Can we get more pleasure out of the food we eat and learn to recognize natural hunger and satiety cues?
We must learn how to love food through mindful eating. But, what does that mean? How do we get more pleasure out of food and learn to recognize hunger and satiety?
Mindful eating includes being present in the moment, aware of all elements of the eating process. Many believe this type of attention promotes health, wellness, and a positive relationship with food. The process of eating begins with mindful preparation. Plan to make a healthy and delicious meal at least once per week. There’s no need for a five course meal or complicated recipe. Simple is best. Take pleasure in the preparation. Pour a cup of tea or glass of wine and ask Alexa to play your favorite music.
Tune in to the cool temperature of the water as you rinse your fruits and vegetables. Listen to the sound of the knife on the wooden board as you chop. Notice the vibrant colors of the fruits, vegetables, and sauces.
Smell the herbs and spices before adding them and observe the fine mist of citrus as you squeeze a lemon.
Feel the stickiness of the chopped garlic, smell the rosemary oil on your hands, listen to the sounds of boiling water and the sizzle in the pan.
Now imagine that you have just prepared a small, but perfectly cooked dish of ravioli with browned butter, pesto, and sage.
Plate your meal and cut a bite-sized piece of pasta for your fork, place the bite into your mouth and put your fork down. Taste the bite. I mean, really taste it. Is the texture smooth, the sage crispy? Do you appreciate the savory umami from the browned butter? Is there a sweetness to the pasta? Contemplate the warmth, spice, saltiness, and tenderness. Take time to enjoy each and every morsel and consider how you feel as you are eating. Are you satisfied?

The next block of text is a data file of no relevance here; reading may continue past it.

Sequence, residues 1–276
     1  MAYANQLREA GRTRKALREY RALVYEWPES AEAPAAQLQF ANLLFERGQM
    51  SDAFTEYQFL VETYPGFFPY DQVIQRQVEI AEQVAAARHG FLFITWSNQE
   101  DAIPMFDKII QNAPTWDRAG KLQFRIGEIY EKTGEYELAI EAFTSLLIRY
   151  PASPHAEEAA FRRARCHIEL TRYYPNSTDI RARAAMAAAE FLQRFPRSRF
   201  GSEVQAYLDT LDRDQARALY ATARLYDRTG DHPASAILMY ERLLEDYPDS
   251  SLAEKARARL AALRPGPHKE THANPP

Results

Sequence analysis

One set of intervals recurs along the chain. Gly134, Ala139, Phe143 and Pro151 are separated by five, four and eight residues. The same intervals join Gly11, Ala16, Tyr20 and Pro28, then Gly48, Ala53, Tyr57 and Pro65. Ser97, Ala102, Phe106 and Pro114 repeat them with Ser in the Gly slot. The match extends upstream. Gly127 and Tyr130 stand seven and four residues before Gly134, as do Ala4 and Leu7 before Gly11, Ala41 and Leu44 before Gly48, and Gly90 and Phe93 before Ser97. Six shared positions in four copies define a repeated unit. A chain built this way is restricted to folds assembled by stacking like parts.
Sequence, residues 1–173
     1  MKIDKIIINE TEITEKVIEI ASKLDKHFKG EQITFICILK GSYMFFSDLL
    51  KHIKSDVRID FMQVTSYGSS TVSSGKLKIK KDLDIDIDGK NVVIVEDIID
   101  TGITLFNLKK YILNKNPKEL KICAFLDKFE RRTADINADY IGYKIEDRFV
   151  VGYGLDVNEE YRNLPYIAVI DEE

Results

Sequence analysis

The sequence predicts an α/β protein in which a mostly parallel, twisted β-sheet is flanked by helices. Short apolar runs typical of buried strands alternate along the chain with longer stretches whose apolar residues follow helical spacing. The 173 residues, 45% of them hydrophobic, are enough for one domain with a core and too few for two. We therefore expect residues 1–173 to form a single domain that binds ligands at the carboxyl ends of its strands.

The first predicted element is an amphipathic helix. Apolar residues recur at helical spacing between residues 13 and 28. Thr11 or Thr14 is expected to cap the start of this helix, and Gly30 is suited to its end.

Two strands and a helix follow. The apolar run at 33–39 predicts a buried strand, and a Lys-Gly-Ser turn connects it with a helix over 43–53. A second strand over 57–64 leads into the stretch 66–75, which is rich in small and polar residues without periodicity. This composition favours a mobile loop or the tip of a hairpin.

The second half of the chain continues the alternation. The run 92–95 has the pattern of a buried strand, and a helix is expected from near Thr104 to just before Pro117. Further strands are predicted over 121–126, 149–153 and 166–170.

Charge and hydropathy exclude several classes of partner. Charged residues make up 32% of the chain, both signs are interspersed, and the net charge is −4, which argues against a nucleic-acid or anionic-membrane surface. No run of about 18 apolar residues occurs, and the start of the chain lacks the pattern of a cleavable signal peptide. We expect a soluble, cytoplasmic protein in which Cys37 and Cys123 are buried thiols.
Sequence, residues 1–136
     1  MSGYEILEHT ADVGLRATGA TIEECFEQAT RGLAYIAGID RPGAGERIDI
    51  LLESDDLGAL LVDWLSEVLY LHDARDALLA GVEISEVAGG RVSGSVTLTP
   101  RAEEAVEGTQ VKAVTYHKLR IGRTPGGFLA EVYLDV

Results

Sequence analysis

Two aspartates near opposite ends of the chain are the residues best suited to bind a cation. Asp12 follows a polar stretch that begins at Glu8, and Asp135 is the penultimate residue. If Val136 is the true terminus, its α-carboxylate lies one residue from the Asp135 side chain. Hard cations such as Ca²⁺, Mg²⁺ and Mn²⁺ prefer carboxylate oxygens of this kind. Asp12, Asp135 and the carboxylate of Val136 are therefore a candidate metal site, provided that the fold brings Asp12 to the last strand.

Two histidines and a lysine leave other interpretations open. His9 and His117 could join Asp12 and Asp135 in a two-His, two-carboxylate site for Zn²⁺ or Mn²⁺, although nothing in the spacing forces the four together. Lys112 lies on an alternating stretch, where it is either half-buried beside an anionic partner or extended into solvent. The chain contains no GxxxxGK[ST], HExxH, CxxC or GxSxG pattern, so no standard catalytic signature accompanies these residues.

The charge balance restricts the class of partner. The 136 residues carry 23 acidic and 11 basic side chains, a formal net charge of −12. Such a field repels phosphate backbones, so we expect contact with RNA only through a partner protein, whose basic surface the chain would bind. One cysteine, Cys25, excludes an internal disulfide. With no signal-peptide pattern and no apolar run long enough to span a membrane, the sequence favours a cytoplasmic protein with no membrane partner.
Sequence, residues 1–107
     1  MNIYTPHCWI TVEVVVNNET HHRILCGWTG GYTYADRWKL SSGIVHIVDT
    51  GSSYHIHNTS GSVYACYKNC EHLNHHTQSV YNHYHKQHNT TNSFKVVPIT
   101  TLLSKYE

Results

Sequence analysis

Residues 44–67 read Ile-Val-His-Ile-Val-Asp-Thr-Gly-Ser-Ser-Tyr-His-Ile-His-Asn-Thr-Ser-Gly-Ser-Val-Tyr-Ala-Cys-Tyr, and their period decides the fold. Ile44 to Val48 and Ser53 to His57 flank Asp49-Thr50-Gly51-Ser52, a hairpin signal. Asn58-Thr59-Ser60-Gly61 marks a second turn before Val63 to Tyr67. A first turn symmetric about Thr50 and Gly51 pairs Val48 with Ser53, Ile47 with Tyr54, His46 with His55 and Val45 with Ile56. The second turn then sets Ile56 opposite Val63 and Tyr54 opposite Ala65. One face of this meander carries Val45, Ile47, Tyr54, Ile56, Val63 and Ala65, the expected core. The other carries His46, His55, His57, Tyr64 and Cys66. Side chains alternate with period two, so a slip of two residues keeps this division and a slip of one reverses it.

I refuse to eat plain chicken breast and quinoa for breakfast, lunch and dinner simply because it provides a lean yet thoughtless and incredibly boring meal. Along the same lines, scarfing down a plate of food as quickly as possible leaves you wanting more. Food should be enjoyed! How often have you taken a second or third helping and afterward regretted the decision, feeling uncomfortable and guilty? How many bites of food did you find gratifying?
Focus on Using All of Your Senses
Our bodies were created to eat with all of our senses. For instance, does your mouth water when you smell a skillet of piping hot fajitas being delivered to someone else’s table?
What about the smell of freshly baked bread? Certainly, when you see a display of specialty cakes at the market, you find delight in the beautiful decorations and wonder which you would pick. Try to mentally process the crispy, sticky texture of a roasted cube of butternut squash…
and the feel of a pastry as it crumbles.
Experts believe mindful eating creates a barrier to overeating. As you practice, you may discover that your cravings aren’t always from wanting the actual food. More importantly, you may learn to separate satisfaction from satiety. Isabel Duke, a health coach with a degree in sociology and the creator of StopFightingFood.com said, “If you can’t enjoy your food, it will never lose its grip on you”.
Get more pleasure out of food and learn to recognize hunger and satiety by asking yourself, “why am I eating”, “what am I eating”, “when and where am I eating”? Does your meal or snack create an experience? If the answer is no, the answers to why, what, when, and where are right under your nose.
Check out this link for books written by Registered Dietitians you may enjoy: Books by Dietitians